5 Ways To Get Your Kids to Eat Their Vegetables
As parents, we know that it is of vital importance to have our children eat a variety of vegetables. The vitamins and nutrients in vegetables are essential to physical growth as well as brain development and immune system health. Unfortunately, knowing this and making it happen are different challenges entirely.
Because there are so many processed, packaged snacks and treats, it is much easier to give these to our children on-the-go. But these foods harm our kids in many ways. They can even affect their mood. Most families have busy schedules that mean there isn’t a lot of time to prep and serve fresh vegetables every day. The FDA recommends three to five servings per day for children and teens. A serving can be one cup of raw leafy vegetables,
1/2 cup of other vegetables (cooked or raw) or 3/4 cup of vegetable juice.
Whether our children fall short of the recommended daily servings because of convenience or because they just don’t like the taste, it is up to parents to offer vegetables every day and encourage our children to try them. Of course, this is easier said than done!
Here are our tips for getting your kids to eat more veggies.
Make It Simple
This is more for you, mom and dad, than for the kids. You’re the one buying the groceries and preparing the snacks and meals. If it’s not easy and convenient for you, it is much too easy to fall back on prepackaged snacks when the kids are clamoring for food. Here are some ways you can have veggies on hand and ready to eat for hungry children.
Juice: This is possibly the easiest way to get some veggie nutrients into your children. Many juice brands offer tasty options with a full serving of vegetables. If your children are resistant, find a fruit and veggie blend to help adjust their palates to a veggie juice. Any juice that includes apple or grape juice is typically more kid-friendly to veggie haters than strictly vegetable juice blends. Just be sure to check the label to avoid excessive added sugar.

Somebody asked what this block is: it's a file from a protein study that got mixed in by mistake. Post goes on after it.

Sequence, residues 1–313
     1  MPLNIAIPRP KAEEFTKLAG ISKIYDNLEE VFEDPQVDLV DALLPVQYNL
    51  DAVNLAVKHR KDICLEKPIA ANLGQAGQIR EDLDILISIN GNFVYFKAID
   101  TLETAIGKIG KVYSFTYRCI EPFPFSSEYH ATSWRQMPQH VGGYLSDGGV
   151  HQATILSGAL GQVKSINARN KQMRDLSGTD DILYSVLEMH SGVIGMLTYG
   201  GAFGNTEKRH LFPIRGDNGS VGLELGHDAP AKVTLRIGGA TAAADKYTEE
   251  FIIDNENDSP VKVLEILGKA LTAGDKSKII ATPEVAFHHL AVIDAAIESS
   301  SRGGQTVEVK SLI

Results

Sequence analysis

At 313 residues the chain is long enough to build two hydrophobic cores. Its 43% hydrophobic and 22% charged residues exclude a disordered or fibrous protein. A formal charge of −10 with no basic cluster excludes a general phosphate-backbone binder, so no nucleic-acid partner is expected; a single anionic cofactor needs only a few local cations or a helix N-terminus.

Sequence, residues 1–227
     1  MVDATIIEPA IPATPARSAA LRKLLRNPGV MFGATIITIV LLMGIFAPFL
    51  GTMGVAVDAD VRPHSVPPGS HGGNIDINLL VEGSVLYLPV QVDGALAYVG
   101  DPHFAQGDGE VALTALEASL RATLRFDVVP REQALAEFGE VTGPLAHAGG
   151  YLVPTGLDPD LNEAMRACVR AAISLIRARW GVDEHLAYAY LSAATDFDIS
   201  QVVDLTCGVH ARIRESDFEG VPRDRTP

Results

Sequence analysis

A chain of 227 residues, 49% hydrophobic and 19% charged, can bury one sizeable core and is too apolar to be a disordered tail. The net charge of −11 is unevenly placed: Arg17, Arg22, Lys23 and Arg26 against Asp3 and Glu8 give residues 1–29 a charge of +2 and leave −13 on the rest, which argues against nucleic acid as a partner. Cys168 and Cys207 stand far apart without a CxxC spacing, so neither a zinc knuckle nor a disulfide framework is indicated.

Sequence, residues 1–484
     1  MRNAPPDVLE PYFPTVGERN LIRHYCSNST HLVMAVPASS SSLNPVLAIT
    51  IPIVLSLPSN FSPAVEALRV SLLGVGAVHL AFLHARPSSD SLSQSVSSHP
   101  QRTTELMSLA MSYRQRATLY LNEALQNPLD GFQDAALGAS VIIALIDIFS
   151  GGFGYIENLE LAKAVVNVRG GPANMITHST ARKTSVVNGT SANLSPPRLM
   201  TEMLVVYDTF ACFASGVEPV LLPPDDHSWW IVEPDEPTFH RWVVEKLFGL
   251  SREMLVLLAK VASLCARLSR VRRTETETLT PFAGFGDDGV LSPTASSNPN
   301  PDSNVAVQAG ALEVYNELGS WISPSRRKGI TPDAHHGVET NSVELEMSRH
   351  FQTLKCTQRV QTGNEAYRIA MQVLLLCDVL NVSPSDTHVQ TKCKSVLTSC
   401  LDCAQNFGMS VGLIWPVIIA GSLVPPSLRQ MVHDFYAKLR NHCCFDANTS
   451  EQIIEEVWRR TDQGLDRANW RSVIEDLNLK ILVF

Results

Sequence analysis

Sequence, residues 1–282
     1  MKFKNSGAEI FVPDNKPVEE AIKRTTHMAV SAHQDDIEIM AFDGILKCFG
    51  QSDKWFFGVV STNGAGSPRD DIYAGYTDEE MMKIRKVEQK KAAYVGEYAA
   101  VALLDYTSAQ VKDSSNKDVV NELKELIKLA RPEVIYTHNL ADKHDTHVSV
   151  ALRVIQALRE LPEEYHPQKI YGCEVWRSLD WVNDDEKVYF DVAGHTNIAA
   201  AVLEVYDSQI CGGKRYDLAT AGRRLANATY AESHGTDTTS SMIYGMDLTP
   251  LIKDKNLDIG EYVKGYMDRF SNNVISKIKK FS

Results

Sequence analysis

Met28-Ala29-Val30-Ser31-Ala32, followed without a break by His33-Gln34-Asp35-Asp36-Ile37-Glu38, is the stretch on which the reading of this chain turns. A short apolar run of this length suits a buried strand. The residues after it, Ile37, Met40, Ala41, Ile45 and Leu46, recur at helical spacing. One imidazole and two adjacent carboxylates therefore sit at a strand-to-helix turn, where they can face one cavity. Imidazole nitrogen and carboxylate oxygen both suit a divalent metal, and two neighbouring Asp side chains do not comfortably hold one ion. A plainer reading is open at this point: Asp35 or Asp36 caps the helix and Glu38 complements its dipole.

Prep: Set aside about an hour after your grocery run to prep and package your fresh veggies. This will make them available and ready to eat when time is short on busy days. Be sure to wash all veggies, then peel and slice as necessary. Using plastic bags or small containers, divide into one-serving portions and store them in a tub in the fridge for a grab-and-go snack.
Let Them Help
Many younger children are much more likely to be interested in food that they picked out or helped prepare. Take your children to the produce department and ask them to help you identify different types of vegetables and choose one or two to try. Let them help you find ways to prepare or cook those foods, and bring them into the kitchen when it’s time to cook. Depending on the age of the child, they may be able to wash and dry, slice or season foods and observe the process. Allow them to sample those veggies so that they are experiencing the foods through multiple senses. This investment in preparing the veggies gives them a sense of accomplishment and an openness to tasting unfamiliar foods.